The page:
Heavy workload complaints in the OB/GYN and neonatal units at Winnipeg's St. Boniface Hospital have Manitoba's opposition politicians asking questions.
Progressive Conservative health critic Cameron Friesen wants to know if the Winnipeg Regional Health Authority's new birth centre could alleviate some of the stress at St. Boniface.
On Tuesday, CBC News reported concerns from nurses over heavy workload complaints on those units.
The number of midwife-assisted births so far in 2012, between January and the end of August, at the following Winnipeg facilities:
- Health Sciences Centre: 74.
- St. Boniface Hospital: 155.
- Birth Centre: 78.
(Source: Winnipeg Regional Health Authority)
Since the birth centre opened in December 2011, just 95 babies have been born there, though it has an annual capacity of 500. At least 78 of those births took place this year.
Still, Health Minister Theresa Oswald maintains that the centre is right on target.
"We never stated that 500 would come out of the gate," she said.
"We knew that in the first year there would be approximately 100 births because moms develop birth plans with their health-care professionals. They don't usually change that while they're expecting and having things unfold."
The WRHA has said the strong demand for midwives across the country is having an effect on how many deliveries can happen at the new facility.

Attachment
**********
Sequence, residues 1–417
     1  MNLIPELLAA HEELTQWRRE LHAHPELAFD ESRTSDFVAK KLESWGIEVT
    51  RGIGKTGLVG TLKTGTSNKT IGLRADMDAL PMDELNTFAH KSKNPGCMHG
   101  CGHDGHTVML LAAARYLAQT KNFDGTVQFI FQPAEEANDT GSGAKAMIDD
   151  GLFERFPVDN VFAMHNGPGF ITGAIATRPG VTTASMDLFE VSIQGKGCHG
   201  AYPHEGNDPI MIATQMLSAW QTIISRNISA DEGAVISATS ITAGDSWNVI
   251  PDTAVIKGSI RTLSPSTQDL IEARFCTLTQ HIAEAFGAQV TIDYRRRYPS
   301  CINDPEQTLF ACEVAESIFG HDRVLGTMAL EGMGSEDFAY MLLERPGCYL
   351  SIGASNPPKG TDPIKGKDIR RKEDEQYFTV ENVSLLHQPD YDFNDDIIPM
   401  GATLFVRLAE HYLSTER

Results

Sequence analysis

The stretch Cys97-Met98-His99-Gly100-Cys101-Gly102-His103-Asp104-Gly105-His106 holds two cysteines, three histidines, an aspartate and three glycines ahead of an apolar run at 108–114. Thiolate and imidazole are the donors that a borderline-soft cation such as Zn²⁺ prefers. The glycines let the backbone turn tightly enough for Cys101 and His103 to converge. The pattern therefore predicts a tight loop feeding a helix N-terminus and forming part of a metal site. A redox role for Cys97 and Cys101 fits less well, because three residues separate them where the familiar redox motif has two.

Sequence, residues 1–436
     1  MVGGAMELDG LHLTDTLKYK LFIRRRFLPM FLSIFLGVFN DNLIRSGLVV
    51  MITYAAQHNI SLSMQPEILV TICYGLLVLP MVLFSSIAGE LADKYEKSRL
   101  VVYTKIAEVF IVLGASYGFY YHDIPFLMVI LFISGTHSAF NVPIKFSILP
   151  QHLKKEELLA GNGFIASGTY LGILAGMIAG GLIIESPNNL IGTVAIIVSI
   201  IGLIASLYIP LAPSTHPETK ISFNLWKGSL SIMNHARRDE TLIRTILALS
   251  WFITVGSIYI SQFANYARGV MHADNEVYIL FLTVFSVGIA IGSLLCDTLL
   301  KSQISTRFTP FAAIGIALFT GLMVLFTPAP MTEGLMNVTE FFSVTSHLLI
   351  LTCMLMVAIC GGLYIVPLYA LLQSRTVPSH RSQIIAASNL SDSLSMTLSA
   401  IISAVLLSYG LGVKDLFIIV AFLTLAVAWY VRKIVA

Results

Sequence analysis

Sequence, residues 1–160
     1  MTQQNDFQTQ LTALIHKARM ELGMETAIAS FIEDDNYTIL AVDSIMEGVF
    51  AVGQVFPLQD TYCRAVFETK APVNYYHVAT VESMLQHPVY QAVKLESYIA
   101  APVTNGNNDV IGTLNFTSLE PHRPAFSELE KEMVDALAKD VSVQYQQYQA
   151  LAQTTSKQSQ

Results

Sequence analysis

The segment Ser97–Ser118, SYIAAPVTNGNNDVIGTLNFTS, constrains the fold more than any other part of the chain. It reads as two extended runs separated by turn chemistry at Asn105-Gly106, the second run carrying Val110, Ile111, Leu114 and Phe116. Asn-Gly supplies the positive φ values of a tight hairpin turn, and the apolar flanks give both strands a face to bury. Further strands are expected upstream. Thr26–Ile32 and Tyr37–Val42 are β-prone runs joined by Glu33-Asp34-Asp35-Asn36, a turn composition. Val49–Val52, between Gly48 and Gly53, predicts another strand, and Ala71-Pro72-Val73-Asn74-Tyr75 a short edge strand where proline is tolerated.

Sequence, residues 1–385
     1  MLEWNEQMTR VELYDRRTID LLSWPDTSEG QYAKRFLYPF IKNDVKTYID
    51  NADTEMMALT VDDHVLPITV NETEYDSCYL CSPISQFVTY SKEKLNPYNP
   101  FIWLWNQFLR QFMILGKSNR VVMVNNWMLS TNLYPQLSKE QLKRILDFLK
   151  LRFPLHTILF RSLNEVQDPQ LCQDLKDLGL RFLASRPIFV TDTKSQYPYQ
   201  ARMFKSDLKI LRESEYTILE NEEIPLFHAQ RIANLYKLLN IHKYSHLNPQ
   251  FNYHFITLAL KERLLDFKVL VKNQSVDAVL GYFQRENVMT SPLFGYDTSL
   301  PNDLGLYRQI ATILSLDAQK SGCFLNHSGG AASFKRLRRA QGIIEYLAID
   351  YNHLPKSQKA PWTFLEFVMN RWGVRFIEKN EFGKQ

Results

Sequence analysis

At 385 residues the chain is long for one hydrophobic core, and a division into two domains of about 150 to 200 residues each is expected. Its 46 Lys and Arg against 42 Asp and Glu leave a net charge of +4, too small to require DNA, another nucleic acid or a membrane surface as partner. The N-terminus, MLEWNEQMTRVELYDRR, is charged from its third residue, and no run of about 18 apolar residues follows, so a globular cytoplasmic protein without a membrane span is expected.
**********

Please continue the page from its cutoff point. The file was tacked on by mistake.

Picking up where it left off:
Oswald said she expects the new birth centre will alleviate some of the pressure on hospitals down the road, once more people learn what it has to offer.
The WRHA says approximately 500 midwife-assisted births take place in Winnipeg each year, and about 70 per cent of women who request a midwife do not get one.
Manitoba is in the midst of a baby boom.
The number of births in the province has been steadily increasing over the past 10 years. Manitoba's chief statistician Wilf Falk says in the past year there were 16,250 births, or about 400 more than the previous year.
"Another little factoid for you is that the number of births is now the highest it has been in 17 years," he said.
Falk says part of the reason for the increase is the number of new Canadians coming to the province.
'We have more immigrants in Manitoba over the last number of years and some of these immigrants come from countries who tend to have a higher fertility rate than our domestic fertility rate."